Molded Fiber Glass Companies of Ashtabula, OH has continuously produced fiber glass composite parts for the Corvette since 1954. As the founder of Molded Fiber Glass Companies, Morrison will be remembered for the product he introduced that change the automotive world. “Mr. Plastics” as he was sometimes referred to, was also a community leader and businessman, lecturer, author of books and wrote columns for the Star Beacon. Most notable was his election as a charter member of the Plastics Hall of Fame in 1973. He is considered by many people to be the father of high production methods for fiber glass plastic. His views were sought by television hosts and he was invited to the White House to meet with President Ford’s Board of Economic Advisors. Mr. Morrison passed away on September 16, 2002 at the age of 92.


from Composites: An Insider's Technical Guide to Corporate America's Activities

2925 MFG Place, P.O. Box 675
Ashtabula, OH 44005
440-992-2695 (Fax)

The Molded Fiber Glass Companies are engaged in the business of making molding compounds and molded parts. At their headquarters in Ashtabula, Ohio, they design, develop, and manufacture parts for a broad range of markets: vehicular (car and truck body parts), recreational, architectural (building facia and large decorative items) and industrial (power tools, satellite dishes, fire helmets, grain hoppers). Processes such as matched metal die compression molding, sheet molding, bulk molding, and wet molding with preforms or mat are used mainly with glass-reinforced thermosetting resins, mainly polyester and vinyl ester.

Staff Includes:
Design Engineers
Test Engineers
M & P Engineers

Composites Related People:
Mr. Richard S. Morrison, President & CEO
Mr. Ron Orr, General Manager
Mr. Dave Denny, Executive Vice President

Facilities and Equipment Description: Two manufacturing plants of 140,000 and 220,000 square feet, respectively, house 38 compression presses up to 2,875 tons, RIM equipment, injection and resin transfer molding equipment, a test lab, preform machines, and multi-station paint rooms.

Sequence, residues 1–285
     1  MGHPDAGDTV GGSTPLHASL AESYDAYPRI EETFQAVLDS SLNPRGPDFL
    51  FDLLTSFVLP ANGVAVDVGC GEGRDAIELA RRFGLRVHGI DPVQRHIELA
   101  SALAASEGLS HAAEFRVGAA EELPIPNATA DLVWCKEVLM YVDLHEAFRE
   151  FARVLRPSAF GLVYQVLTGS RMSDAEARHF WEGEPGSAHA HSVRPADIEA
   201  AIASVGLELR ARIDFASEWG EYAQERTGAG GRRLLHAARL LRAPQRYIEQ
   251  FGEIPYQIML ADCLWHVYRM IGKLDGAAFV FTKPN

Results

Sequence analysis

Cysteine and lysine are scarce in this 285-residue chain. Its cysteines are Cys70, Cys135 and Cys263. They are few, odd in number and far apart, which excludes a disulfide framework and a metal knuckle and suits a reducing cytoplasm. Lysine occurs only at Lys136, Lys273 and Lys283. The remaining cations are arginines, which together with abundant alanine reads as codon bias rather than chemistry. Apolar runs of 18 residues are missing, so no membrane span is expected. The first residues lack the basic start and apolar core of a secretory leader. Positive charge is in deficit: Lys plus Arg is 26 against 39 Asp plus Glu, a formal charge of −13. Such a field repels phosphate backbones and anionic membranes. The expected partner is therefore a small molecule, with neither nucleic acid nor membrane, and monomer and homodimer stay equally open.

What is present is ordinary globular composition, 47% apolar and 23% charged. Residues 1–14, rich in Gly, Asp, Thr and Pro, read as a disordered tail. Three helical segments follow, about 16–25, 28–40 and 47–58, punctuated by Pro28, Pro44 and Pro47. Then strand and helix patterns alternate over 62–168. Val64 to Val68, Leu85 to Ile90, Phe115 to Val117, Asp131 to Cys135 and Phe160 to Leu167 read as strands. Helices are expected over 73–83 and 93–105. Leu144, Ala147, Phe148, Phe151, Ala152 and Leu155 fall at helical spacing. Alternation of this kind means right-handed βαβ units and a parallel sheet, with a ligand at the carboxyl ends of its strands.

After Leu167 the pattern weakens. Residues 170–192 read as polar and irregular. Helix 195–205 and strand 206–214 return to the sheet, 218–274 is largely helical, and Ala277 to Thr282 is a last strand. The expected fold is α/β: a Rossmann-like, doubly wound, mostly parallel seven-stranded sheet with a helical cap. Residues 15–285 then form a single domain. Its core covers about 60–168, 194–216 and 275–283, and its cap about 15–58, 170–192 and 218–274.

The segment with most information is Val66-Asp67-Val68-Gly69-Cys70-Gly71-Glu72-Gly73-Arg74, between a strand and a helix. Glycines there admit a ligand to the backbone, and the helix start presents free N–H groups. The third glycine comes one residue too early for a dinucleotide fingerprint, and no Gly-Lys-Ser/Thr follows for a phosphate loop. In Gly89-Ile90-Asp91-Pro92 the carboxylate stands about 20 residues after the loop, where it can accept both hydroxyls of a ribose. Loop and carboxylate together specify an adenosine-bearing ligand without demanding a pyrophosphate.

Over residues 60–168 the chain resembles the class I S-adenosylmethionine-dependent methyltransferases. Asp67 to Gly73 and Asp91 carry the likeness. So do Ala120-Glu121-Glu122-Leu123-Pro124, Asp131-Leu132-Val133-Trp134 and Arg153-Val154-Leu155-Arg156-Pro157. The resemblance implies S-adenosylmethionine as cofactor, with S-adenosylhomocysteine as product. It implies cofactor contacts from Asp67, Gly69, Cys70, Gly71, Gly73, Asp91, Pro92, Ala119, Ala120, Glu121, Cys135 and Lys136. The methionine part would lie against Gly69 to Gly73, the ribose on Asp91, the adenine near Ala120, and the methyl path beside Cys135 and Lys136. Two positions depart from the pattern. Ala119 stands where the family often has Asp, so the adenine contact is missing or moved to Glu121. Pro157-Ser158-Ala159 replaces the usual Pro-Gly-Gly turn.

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1315 West 47th Street
Ashtabula, OH 44004
216-992-2416 -7395 (Fax)

The MFG Research Company performs research and development of thermoset polymeric matrix composites for all of the Molded Fiber Glass Companies. Thermoset matrices, mainly unsaturated polyesters and rigid-polyurethanes, reinforced with fibers ranging from microfibers to continuous glass fibers, are a specialty. Product and process development, component prototyping, materials characterization, and composite testing and test development are all conducted. Resins are formulated for resin transfer molding, as well as for hand lay-up and filament winding; and custom sheet and bulk molding compounds are produced for compression molding.

Staff Includes:
Polymer Engineers
Chemical Engineers
Mechanical Engineers
Electrical Engineers

Composites Related People:
Mr. Bob Mollman, President
Mr. Pete Emrich, V.P. of Technology
Mr. Greg Costantino, Lab Manager

Facilities and Equipment Description: Facilities of 20,000 square feet include bulk and sheet molding compounding equipment, heated platen presses, ovens, environmental chambers, and a chemical, physical, environmental, and mechanical test lab.

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6175 U.S. Highway 6
Linesville, PA 16424
814-683-4500 -4504 (Fax)

Molded Fiber Glass/Linesville produces sheet molding compounds, and molds fiber glass-reinforced polyester custom containers and accessories, and a stock line of trays and containers for the industrial and food-service industries. They fabricate preforms and sheetmolding and bulk-molding compounds for compression molding processing. Ongoing research and development is conducted in new product design and in new resin formulations for fire retardancy, for electrical conductivity, for low density, and for specialized processing methods.

Staff Includes:
Design Engineers
M & P Engineers
Manufac. Engineers
Tooling Engineers

Composites Related People:
Mr. Thomas E. Levenhagen, President & General Manager